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Hum Gene Ther. 1999 Sep 20;10(14):2273-85.

Improved artificial death switches based on caspases and FADD.

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Department of Microbiology and Immunology, Baylor College of Medicine, Houston, TX 77030, USA.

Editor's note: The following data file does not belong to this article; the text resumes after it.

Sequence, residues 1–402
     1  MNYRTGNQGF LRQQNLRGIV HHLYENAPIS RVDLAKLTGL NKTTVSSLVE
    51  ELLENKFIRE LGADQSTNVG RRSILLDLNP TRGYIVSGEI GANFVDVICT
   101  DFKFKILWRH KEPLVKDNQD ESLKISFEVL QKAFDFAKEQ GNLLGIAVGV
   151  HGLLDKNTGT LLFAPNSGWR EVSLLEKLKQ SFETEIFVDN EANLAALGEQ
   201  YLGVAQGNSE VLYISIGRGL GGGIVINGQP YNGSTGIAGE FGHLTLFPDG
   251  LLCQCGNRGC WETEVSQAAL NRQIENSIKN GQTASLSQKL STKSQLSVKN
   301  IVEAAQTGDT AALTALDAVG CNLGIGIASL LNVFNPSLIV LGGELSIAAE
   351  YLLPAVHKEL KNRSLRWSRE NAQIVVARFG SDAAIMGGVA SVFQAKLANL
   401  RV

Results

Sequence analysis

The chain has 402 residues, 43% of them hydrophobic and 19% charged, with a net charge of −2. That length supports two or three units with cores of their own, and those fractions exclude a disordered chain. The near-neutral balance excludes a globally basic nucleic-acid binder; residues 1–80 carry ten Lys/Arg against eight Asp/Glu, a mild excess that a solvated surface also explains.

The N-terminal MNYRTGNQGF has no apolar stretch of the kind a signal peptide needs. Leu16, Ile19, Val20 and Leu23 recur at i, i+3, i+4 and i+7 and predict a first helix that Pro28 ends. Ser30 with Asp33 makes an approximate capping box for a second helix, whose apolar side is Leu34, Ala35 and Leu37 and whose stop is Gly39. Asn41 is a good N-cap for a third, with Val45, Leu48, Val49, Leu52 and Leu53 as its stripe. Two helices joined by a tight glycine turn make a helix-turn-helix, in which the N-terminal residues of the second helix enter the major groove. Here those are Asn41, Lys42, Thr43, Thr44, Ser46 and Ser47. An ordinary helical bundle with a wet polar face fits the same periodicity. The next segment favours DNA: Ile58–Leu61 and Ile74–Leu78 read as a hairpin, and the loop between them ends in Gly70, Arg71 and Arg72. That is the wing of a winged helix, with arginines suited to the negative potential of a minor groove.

A number of "suicide genes" have been developed as safety switches for gene therapy vectors or as potential inducible cytotoxic agents for hyperproliferative disorders, such as cancer or restenosis. However, most of these approaches have relied on foreign proteins, such as HSV thymidine kinase, that primarily target rapidly dividing cells. In contrast, novel artificial death switches based on chemical inducers of dimerization (CIDs) and endogenous proapoptotic molecules function efficiently in both dividing and nondividing cells. In this approach, lipid-permeable, nontoxic CIDs are used to conditionally cross-link target proteins that are fused to CID-binding domains (CBDs), thus activating signaling cascades leading to apoptosis. In previous reports, CID-regulated Fas and caspases 1, 3, 8, and 9 were described. Since the maximum efficacy of these artificial death switches requires low basal and high specific activity, we have optimized these death switches for three parameters: (1) extent of oligomerization, (2) spacing between CBDs and target proteins, and (3) intracellular localization. We describe improved conditional Fas and caspase 1, 3, 8, and 9 alleles that function at subnanomolar levels of the CID AP1903 to trigger apoptosis. Further, we demonstrate for the first time that oligomerization of the death effector domain of the Fas-associated protein, FADD, is sufficient to trigger apoptosis, suggesting that the primary function of FADD, like that of Apaf-1, is oligomerization of associated caspases. Finally, we demonstrate that nuclear-targeted caspases 1, 3, and 8 can trigger apoptosis efficiently, implying that the cleavage of nuclear targets is sufficient for apoptosis.

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